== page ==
Personal Stratigraphy Maps and Memory Tracings
I haven't written anything in a while. School has started back up and balancing of all of my various jobs often feels like a juggling act on a unicycle with flaming torches during a pandemic. The art is still getting made but website updates and other administrative stuff has taken a back seat. In fact, I actually started this post several months ago but am just now getting around to finishing it so I've added some additional information about Memory Tracings to the end of the post.
I started a series back in March that I have called my personal stratigraphy maps. Stratigraphy is a term used in geology and is defined as:
The branch of geology concerned with the order and relative position of strata and their relationship to the geological time scale.
the analysis of the order and position of layers of archaeological remains.
the structure of a particular set of strata.
This is the kind of geology my grandparents discussed over the dinner table. I am looking into the past, my personal stratigraphy of thoughts and family history, to build abstract mixed media collages. I started off making them on paper but moved to books after seeing an open call from the Kanyer Art Collection asking for collage made in books. I completed one book of personal stratigraphy maps, titled English Lakeland Personal Stratigraphy Maps in Color!, which was purchased by the Kanyer Art Collection (thank you Laurie and Doug, I'm still over the moon about this) and have recently finished my second book, called Tiny Book.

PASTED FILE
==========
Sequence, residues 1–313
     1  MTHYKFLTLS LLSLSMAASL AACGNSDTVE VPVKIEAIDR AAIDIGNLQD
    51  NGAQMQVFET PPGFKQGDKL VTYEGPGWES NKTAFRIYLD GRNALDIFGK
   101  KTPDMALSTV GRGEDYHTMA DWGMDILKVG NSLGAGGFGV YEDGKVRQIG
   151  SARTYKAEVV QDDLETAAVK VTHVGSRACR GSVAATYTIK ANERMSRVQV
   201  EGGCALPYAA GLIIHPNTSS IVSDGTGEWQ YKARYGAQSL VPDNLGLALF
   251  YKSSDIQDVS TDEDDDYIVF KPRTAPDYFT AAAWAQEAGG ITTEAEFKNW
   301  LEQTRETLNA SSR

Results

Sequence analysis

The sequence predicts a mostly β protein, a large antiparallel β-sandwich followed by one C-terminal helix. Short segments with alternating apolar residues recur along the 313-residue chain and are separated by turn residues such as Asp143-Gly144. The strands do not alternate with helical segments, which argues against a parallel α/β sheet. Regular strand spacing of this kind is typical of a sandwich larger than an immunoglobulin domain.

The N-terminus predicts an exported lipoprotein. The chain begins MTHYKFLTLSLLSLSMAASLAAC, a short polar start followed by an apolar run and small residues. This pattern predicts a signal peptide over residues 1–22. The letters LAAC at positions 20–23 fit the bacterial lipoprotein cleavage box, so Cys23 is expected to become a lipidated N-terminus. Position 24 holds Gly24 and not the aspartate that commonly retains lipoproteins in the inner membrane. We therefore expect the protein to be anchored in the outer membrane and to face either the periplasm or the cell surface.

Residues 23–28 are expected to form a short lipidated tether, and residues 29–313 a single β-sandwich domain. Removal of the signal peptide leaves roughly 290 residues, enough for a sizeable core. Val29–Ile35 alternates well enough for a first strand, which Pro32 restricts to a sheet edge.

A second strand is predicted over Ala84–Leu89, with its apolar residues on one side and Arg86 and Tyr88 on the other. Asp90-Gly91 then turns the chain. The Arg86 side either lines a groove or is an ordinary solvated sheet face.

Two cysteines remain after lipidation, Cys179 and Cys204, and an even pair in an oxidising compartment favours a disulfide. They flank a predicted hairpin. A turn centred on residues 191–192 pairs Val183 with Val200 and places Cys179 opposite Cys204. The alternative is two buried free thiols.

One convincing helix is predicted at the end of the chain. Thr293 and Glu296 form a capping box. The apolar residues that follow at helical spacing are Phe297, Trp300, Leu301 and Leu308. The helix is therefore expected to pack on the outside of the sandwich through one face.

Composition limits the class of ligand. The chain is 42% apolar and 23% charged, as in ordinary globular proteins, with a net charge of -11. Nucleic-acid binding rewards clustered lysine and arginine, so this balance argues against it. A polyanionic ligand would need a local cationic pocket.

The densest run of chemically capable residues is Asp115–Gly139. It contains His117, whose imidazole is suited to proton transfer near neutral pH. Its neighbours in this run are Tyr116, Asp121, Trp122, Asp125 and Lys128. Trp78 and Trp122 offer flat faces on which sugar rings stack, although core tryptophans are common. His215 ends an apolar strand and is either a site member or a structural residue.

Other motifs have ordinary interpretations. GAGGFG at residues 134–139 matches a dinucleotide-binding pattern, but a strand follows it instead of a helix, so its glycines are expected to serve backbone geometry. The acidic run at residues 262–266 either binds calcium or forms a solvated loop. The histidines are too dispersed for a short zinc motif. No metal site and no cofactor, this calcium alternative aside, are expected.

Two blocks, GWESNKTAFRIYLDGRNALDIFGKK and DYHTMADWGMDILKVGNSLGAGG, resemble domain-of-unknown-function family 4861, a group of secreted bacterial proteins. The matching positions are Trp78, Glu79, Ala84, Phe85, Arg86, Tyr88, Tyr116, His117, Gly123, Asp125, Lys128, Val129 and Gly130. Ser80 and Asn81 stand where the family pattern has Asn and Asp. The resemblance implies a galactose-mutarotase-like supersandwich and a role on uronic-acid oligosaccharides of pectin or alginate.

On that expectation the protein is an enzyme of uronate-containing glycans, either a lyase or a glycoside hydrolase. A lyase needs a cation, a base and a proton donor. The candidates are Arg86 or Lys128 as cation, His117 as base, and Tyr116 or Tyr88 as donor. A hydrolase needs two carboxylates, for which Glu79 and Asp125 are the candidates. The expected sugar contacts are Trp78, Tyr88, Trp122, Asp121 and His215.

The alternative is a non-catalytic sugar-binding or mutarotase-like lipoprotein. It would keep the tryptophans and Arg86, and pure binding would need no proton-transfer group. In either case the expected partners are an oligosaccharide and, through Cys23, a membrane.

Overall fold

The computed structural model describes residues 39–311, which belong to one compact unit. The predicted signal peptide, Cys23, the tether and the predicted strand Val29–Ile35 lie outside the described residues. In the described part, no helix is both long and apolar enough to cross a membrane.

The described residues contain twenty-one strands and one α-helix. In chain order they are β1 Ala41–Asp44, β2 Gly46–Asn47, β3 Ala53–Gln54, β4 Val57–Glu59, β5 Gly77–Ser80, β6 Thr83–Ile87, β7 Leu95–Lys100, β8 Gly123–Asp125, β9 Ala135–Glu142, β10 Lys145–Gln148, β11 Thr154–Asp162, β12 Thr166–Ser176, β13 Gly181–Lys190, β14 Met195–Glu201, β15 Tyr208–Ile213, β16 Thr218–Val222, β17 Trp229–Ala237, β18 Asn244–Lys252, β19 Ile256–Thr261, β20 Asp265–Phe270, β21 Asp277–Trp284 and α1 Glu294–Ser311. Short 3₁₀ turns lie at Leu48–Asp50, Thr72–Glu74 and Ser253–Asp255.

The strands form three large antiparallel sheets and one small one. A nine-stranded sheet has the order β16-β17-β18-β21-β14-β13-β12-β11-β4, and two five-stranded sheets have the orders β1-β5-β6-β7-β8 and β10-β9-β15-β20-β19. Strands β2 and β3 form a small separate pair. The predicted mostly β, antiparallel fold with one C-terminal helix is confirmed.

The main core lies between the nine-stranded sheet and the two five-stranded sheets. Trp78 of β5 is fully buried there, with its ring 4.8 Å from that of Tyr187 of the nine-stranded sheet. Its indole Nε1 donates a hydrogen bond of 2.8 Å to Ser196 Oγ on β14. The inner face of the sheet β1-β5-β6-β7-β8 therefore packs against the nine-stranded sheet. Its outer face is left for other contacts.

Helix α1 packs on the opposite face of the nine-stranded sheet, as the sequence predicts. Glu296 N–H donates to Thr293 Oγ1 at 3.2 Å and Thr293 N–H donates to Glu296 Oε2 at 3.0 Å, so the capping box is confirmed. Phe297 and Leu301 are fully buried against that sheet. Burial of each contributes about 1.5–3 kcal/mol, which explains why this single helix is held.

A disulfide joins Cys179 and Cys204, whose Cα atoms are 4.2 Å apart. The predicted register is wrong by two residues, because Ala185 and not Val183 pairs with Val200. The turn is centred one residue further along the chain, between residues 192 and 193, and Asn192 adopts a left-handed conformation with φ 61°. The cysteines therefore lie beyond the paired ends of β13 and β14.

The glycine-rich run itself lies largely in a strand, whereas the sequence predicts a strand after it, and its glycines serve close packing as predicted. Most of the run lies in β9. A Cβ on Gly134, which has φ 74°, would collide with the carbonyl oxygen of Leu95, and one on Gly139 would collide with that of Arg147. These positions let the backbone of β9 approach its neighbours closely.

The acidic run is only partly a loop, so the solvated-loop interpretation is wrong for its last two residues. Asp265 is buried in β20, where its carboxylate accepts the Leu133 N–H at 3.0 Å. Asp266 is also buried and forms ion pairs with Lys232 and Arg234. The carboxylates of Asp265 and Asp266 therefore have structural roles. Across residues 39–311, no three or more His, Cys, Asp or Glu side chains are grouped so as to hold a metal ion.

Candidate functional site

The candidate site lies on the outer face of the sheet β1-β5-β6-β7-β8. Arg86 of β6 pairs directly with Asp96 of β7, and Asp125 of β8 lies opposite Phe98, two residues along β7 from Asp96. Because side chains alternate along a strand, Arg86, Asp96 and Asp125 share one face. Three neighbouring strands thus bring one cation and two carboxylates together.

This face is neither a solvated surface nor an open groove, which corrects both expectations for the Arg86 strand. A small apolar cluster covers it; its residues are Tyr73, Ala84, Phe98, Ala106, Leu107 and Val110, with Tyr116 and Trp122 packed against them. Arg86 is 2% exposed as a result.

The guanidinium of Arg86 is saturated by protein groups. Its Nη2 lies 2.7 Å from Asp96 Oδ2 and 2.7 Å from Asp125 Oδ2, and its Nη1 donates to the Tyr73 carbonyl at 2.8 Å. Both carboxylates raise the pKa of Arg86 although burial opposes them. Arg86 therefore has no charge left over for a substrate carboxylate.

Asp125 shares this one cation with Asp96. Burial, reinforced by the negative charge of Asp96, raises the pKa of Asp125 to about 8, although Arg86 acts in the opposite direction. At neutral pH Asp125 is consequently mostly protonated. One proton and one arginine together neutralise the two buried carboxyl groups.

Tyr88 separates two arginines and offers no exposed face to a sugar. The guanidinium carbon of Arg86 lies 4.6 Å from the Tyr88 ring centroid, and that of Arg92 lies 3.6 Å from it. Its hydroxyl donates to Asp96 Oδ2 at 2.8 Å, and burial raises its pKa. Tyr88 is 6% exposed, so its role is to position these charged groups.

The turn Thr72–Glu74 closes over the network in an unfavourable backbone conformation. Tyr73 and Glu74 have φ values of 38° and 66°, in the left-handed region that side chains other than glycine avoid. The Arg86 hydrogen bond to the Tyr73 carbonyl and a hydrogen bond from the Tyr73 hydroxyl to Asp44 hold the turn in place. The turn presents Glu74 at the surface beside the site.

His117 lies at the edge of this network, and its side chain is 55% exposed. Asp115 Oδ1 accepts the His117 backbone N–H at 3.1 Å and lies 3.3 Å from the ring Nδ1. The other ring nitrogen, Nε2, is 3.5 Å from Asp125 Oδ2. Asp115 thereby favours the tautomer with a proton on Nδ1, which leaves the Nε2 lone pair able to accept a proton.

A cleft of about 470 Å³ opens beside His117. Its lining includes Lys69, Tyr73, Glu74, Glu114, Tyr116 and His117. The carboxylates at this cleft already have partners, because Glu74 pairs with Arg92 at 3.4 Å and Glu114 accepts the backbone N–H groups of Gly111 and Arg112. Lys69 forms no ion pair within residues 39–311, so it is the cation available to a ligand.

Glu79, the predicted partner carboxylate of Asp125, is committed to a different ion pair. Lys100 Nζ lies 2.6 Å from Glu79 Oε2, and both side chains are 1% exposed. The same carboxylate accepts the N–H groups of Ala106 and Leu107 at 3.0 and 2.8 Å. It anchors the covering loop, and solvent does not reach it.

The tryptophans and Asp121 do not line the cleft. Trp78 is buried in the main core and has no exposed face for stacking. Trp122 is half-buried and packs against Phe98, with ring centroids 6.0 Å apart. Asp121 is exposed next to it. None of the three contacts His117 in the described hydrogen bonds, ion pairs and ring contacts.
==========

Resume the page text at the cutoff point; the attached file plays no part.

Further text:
The process has been really enriching. I've thought about my family, who I love and adore and all the things they have given to me. I’ve also thought about how things have been covered up, whitewashed, hidden or not recognized as a problem. By carefully and gently confronting these uncomfortable truths, I have tried to make something beautiful out of the complicated layers of history, both personal and global.
This has directly taken me to my newest work in a book called Figure Skating Technique. The same process of taking my thoughts, feelings and memories to create layers of abstract mixed media work on each page lead to Memory Tracings. In figure skating, tracings are the lines you make, one on top of the other, when testing or competing figures. This was a required part of skating when I was a kid but it was always difficult for me to follow the lines and keep things precise. I much preferred the freedom and speed that came with freestyle, the music, the costumes, the performance was where my heart felt happiest. But, just like with everything in life, you have to put in the hard work and the stuff that comes easily.